Embracing the Casual Life

In spite of the title of this blog, I think some small part of me has long resisted applying the term “casual” to my own gaming activities. Any time I logged into the game, I felt like I needed to be doing something productive – leveling a new class, grinding achievements or mounts, working on reputations and gear and goodness knows what else. The result, I think, was that although I’m now playing with a casual’s time commitment, I was still prioritizing like a hardcore.

I think I’ve finally managed to overcome that mindset.

There is such a thing as a casual hardcore. People who optimize every second they can spend online to get the most out of their end-game content. I could probably do that, but I’d rather sit around and roleplay. It’s been incredibly liberating to let go of all of the things I felt like I had to do. Once in awhile, a friend will extend an invitation to their raiding guild. “If not for this group of people,” they’ll say, “I don’t think I’d be raiding either.” And I want to be clear here – I have absolutely nothing against whatever raid group that invite is for. I have no bones to pick with raiders of any kind, really. I appreciate that there are people out there who can dedicate the time and effort to dive into finely-tuned boss fights and emerge victorious. I am not one of those people anymore.

Are there days I miss raiding? Absolutely. When I look at my meager pile of gold and realize that I’m on the verge of bankrupting myself in-game to get a Grove Warden carry – something that, if this were Wrath of the Lich King or Cataclysm, I and my guild would have already earned – I do miss having a dedicated group. Part of that, though, is missing the dynamic of that group. And if I stop long enough to think about those people, I doubt I would derive the same enjoyment from raiding with them today as I did then. I let a lot of things slide then because I didn’t have the backbone to stick up for myself online. I don’t think I could go back to being a doormat just to experience raiding content.

And so I play the auction house (again, casually), and save up for the mount runs I don’t want to miss out on. I hop into LFR if I’m feeling up to it, or do a few timewalking dungeons here and there. But the true joy of World of Warcraft, for me, is in the people you play with and the experiences you have with them. Just before my girlfriend re-subbed to WoW, we were talking about why she had quit playing in the first place. It essentially boiled down to this – World of Warcraft is not meant to be a single-player game. Sure, there are plenty of mechanics in place these days to enable solo leveling and play. RDF, LFR, Group Finder, the love-them-or-hate-them garrisons. But these are all secondary. An MMORPG is only as good as the people you play with. It seems to me that people who get nostalgic about certain periods in WoW’s history are probably remembering fond times with the people around them, not so much the content or the mechanics of the game.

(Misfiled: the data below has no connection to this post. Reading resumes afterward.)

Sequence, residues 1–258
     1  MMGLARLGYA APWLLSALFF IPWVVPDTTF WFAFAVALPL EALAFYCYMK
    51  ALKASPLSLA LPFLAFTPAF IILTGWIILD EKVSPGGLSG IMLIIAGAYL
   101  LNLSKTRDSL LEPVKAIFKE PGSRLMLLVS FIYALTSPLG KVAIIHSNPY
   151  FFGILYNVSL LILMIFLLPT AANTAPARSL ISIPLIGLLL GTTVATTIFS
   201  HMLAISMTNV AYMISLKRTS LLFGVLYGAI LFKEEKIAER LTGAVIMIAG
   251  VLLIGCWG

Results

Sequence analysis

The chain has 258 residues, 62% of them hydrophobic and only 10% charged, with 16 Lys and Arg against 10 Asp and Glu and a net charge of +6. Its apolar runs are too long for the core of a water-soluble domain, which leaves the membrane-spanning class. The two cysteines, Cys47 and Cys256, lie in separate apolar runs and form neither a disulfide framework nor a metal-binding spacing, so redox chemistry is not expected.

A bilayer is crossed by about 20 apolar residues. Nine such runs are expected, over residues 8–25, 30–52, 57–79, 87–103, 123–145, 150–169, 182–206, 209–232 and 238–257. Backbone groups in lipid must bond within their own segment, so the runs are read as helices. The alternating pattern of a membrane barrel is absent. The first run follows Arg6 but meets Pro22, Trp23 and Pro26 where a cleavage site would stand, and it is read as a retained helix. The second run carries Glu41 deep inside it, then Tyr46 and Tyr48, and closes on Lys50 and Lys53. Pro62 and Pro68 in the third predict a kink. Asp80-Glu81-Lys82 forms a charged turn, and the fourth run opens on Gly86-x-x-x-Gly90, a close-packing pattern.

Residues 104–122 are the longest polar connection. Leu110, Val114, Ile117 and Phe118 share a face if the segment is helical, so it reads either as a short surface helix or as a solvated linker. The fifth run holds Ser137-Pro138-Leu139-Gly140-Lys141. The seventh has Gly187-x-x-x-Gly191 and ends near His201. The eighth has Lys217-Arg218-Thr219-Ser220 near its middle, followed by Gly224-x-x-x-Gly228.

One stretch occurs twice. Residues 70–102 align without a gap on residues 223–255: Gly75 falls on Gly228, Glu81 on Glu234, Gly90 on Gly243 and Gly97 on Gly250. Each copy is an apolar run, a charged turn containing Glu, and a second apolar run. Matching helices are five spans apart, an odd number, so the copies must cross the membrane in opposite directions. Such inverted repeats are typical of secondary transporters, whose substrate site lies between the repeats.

If you want a single-player game experience worth $15/month, World of Warcraft is not the game for you. If you’ve got a group of good people to play with, to experience the content at whatever level you’re comfortable with (casual, hardcore, roleplayer, pet battler, achievement hunter, whatever your flavor of play), you’ll have a lovely time.

At the end of the day, that’s what keeps this casual playing. The people. The players. The stories. The experience.

All of that for $15/month? Sign me up.

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